13-23. Saul said unto him, Blessed be thou of the Lord: I have performed the commandment of the Lord—Saul was either blinded by a partial and delusive self-love, or he was, in his declaration to Samuel, acting the part of a bold and artful hypocrite. He professed to have fulfilled the divine command, and that the blame of any defects in the execution lay with the people. Samuel saw the real state of the case, and in discharge of the commission he had received before setting out, proceeded to denounce his conduct as characterized by pride, rebellion, and obstinate disobedience. When Saul persisted in declaring that he had obeyed, alleging that the animals, whose bleating was heard, had been reserved for a liberal sacrifice of thanksgiving to God, his shuffling, prevaricating answer called forth a stern rebuke from the prophet. It well deserved it—for the destination of the spoil to the altar was a flimsy pretext—a gross deception, an attempt to conceal the selfishness of the original motive under the cloak of religious zeal and gratitude. To obey is better than sacrifice, because obedience to God is a moral duty, constantly and indispensably necessary; but sacrifice is but a ceremonial institution, sometimes unnecessary, as it was in the wilderness; and sometimes sinful, when it is offered by a polluted hand, or in an irregular manner; therefore thy gross disobedience to God’s express command is not to be compensated with sacrifice.

To hearken, i.e. to obey, as hearing is oft used in Scripture. Than the fat of rams; than the choicest part of all the sacrifice, to wit, the fat, which was appropriated to God, Leviticus 3:16; whereas the offerer might partake of other parts of it.

And Samuel said,.... In reply to Saul:

hath the Lord as great delight in burnt offerings and sacrifices, as in obeying the voice of the Lord? no, certainly, the one being merely ceremonial, the other moral; the one supposes sin committed, for which sacrifice is offered; the other moral, and is a compliance with the will of God, and is neither sinful, nor supposes anything sinful, and therefore must be the more acceptable:

behold, to obey is better than sacrifice, and to hearken than the fat of rams; which always was claimed by the Lord as his right and due; or the fattest rams or best sacrifices, of whatever sort, whether burnt offerings, or sin offerings, or peace offerings; for had man obeyed the will of God, and not sinned, there would have been no need of sacrifice; and that was only acceptable to God when offered with a heart truly sensible of sin, and penitent for it, and in the faith of the great sacrifice of Christ, of which all sacrifices under the law were typical, and led unto.

And Samuel said, Hath the LORD as great delight in burnt offerings and sacrifices, as in obeying the voice of the LORD? Behold, to obey is better than sacrifice, and to hearken than the fat of rams.
22. With a burst of prophetic inspiration Samuel rends asunder Saul’s tissue of excuses, and lays bare his sin. His words are the key-note of the long remonstrance of the prophets in subsequent ages against the too common error of supposing that external ceremonial can be of any value in the sight of God when separated from the true devotion of the worshipper’s heart which it symbolizes. See Psalm 40:6-8; Psalm 50:8 ff; Psalm 51:16-17; Isaiah 1:11-15; Jeremiah 6:20; Hosea 6:6; Amos 5:21-24; Micah 6:6-8; Matthew 9:13; Matthew 12:7. The rhythmical form of the original adds force and solemnity.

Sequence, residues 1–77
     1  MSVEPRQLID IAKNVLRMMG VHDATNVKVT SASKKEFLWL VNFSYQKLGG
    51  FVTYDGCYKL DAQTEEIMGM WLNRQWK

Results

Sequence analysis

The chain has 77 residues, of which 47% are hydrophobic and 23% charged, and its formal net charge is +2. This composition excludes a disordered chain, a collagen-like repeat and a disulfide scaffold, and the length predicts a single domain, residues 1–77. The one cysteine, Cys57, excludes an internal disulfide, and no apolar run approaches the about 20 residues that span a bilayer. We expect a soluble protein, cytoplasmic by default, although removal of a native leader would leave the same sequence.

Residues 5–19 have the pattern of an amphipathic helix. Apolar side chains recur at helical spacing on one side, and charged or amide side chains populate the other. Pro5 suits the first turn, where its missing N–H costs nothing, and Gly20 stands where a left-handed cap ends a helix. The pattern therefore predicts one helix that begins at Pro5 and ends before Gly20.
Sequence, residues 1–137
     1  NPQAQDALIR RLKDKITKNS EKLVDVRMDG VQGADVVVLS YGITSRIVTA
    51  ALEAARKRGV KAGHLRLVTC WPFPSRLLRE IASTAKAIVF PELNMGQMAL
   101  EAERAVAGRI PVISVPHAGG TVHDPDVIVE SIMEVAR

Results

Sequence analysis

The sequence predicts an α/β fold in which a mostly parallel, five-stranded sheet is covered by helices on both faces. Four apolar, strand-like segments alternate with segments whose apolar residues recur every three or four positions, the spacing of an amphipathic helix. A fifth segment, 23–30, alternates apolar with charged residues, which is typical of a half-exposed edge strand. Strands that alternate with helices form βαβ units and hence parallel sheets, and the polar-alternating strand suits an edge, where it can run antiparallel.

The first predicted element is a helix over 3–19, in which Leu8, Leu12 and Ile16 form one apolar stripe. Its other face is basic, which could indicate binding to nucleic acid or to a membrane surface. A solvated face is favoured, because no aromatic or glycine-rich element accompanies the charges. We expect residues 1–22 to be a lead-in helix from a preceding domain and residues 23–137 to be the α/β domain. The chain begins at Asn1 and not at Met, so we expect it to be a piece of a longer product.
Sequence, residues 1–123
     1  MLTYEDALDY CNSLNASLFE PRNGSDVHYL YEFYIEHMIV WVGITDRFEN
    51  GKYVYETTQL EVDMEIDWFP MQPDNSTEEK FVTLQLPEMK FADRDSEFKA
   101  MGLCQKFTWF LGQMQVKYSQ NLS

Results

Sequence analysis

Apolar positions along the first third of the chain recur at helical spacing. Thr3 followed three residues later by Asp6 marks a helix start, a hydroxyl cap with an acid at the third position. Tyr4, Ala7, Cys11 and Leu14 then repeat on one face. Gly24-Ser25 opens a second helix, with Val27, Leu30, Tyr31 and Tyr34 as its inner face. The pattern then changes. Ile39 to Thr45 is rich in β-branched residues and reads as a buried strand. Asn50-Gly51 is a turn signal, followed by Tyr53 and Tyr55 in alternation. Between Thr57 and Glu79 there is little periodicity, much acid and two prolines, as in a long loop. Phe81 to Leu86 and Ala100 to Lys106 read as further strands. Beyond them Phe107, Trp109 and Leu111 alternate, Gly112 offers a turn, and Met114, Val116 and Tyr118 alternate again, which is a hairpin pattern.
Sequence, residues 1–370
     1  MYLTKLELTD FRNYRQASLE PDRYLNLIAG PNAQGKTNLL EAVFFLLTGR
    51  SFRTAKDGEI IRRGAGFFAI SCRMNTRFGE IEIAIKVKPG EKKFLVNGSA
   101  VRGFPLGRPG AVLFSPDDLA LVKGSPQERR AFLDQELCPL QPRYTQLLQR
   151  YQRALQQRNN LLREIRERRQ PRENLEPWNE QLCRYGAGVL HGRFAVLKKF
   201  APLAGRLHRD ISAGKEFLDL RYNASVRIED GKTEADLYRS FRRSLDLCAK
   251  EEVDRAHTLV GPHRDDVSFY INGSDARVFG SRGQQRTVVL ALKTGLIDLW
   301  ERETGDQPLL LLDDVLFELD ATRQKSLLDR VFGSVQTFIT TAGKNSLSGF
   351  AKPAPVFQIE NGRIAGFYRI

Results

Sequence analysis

Verses 22, 23. - The rebuke of Samuel contains one of those pregnant sayings which mark the high moral tone of the teaching of the prophets, and soon became a fundamental principle with them. To obey is better than sacrifice is a dictum reproduced by Hosea (Hosea 6:6), the most ancient of those prophets of Israel whose lessons have been preserved in writing; it is referred to in still earlier psalms (see Psalm 50:13-14; Psalm 51:16, 17); by other prophets (Isaiah 1:11; Jeremiah 6:20; Micah 6:6, 8); and finally received our Lord's special approbation (Matthew 9:13; Matthew 12:7). It asserts in the clearest terms the superiority of moral to ritual worship, and that God can only be really served with the heart. Witchcraft is in the Hebrew divination, a sin always strongly condemned in the Old Testament. Iniquity literally means nothingness, and so is constantly used for "an idol;" and this must be its signification here, as the word coupled with it, and rendered idolatry, is really teraphim. These were the Hebrew household gods, answering to the Roman Lares, and were supposed to bring good luck. Their worship, we see from this place, was strictly forbidden. The verse, therefore, means, "For rebellion is the sin of divination (i.e. is equal to it in wickedness), and obstinacy (i.e. intractableness) is an idol and teraphim." Samuel thus accuses Saul of resistance to Jehovah's will, and of the determination at all hazards to be his own master. With this temper of mind he could be no fit representative of Jehovah, and therefore Samuel dethrones him. Henceforward he reigns only as a temporal, and no longer as the theocratic, king. 1 Samuel 15:22Without entering, therefore, into any discussion of the meaning of the ban, as Saul only wanted to cover over his own wrong-doings by giving this turn to the affair, Samuel put a stop to any further excuses, by saying, "Hath Jehovah delight in burnt-offerings and slain-offerings as in hearkening to the voice of Jehovah? (i.e., in obedience to His word.) Behold, hearing (obeying) is better than slain-offerings, attending better than fat of rams." By saying this, Samuel did not reject sacrifices as worthless; he did not say that God took no pleasure in burnt-offerings and slain-offerings, but simply compared sacrifice with obedience to the command of God, and pronounced the latter of greater worth than the former. "It was as much as to say that the sum and substance of divine worship consisted in obedience, with which it should always begin, and that sacrifices were, so to speak, simple appendices, the force and worth of which were not so great as of obedience to the precepts of God" (Calvin). But it necessarily follows that sacrifices without obedience to the commandments of God are utterly worthless; in fact, are displeasing to God, as Psalm 50:8., Isaiah 1:11., Isaiah 66:3, Jeremiah 6:20, and all the prophets, distinctly affirm. There was no necessity, however, to carry out this truth any further. To tear off the cloak of hypocrisy, with which Saul hoped to cover his disobedience, it was quite enough to affirm that God's first demand was obedience, and that observing His word was better than sacrifice; because, as the Berleb. Bible puts it, "in sacrifices a man offers only the strange flesh of irrational animals, whereas in obedience he offers his own will, which is rational or spiritual worship" (Romans 12:8). This spiritual worship was shadowed forth in the sacrificial worship of the Old Testament. In the sacrificial animal the Israelite was to give up and sanctify his own person and life to the Lord. (For an examination of the meaning of the different sacrifices, see Pent. pp. 505ff., and Keil's Bibl Archol. 41ff.) But if this were the design of the sacrifices, it was clear enough that God did not desire the animal sacrifice in itself, but first and chiefly obedience to His own word. In 1 Samuel 15:22, טּוב is not to be connected as an adjective with זבח, "more than good sacrifice," as the Sept. and Thenius render it; it is rather to be taken as a predicate, "better than slain-offerings," and מזּבח is placed first simply for the sake of emphasis. Any contrast between good and bad sacrifices, such as the former construction would introduce into the words, is not only foreign to the context, but also opposed to the parallelism. For אילים חלב does not mean fat rams, but the fat of rams; the fat portions taken from the ram, which were placed upon the altar in the case of the slain-offerings, and for which חלב is the technical expression (compare Leviticus 3:9, Leviticus 3:16, with Leviticus 3:4, Leviticus 3:11, etc.). "For," continued Samuel (1 Samuel 15:23), "rebellion is the sin of soothsaying, and opposition is heathenism and idolatry." מרי and הפצר are the subjects, and synonymous in their meaning. קסם חטּאת, the sin of soothsaying, i.e., of divination in connection with the worship of idolatrous and demoniacal powers. In the second clause idols are mentioned instead of idolatry, and compared to resistance, but without any particle of comparison. Opposition is keeping idols and teraphim, i.e., it is like worshipping idols and teraphim. און, nothingness, then an idol or image (vid., Isaiah 66:3; Hosea 4:15; Hosea 10:5, Hosea 10:8). On the teraphim as domestic and oracular deities, see at Genesis 31:19. Opposition to God is compared by Samuel to soothsaying and oracles, because idolatry was manifested in both of them. All conscious disobedience is actually idolatry, because it makes self-will, the human I, into a god. So that all manifest opposition to the word and commandment of God is, like idolatry, a rejection of the true God. "Because thou hast rejected the word of Jehovah, He hath rejected thee, that thou mayst be no longer king." ממּלך equals מלך מהיוה (1 Samuel 15:26), away from being king.